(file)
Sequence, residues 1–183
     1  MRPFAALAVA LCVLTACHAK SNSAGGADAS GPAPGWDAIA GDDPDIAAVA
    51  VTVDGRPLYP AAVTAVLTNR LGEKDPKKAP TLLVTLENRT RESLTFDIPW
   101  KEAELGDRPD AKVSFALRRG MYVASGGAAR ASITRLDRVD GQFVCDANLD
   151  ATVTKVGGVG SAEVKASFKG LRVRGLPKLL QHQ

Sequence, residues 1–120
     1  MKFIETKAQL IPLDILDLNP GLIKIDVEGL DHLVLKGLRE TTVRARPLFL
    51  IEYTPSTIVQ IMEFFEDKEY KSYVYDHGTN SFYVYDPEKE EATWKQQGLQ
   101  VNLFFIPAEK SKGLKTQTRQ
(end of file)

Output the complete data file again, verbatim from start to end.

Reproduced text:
Sequence, residues 1–183
     1  MRPFAALAVA LCVLTACHAK SNSAGGADAS GPAPGWDAIA GDDPDIAAVA
    51  VTVDGRPLYP AAVTAVLTNR LGEKDPKKAP TLLVTLENRT RESLTFDIPW
   101  KEAELGDRPD AKVSFALRRG MYVASGGAAR ASITRLDRVD GQFVCDANLD
   151  ATVTKVGGVG SAEVKASFKG LRVRGLPKLL QHQ

Sequence, residues 1–120
     1  MKFIETKAQL IPLDILDLNP GLIKIDVEGL DHLVLKGLRE TTVRARPLFL
    51  IEYTPSTIVQ IMEFFEDKEY KSYVYDHGTN SFYVYDPEKE EATWKQQGLQ
   101  VNLFFIPAEK SKGLKTQTRQ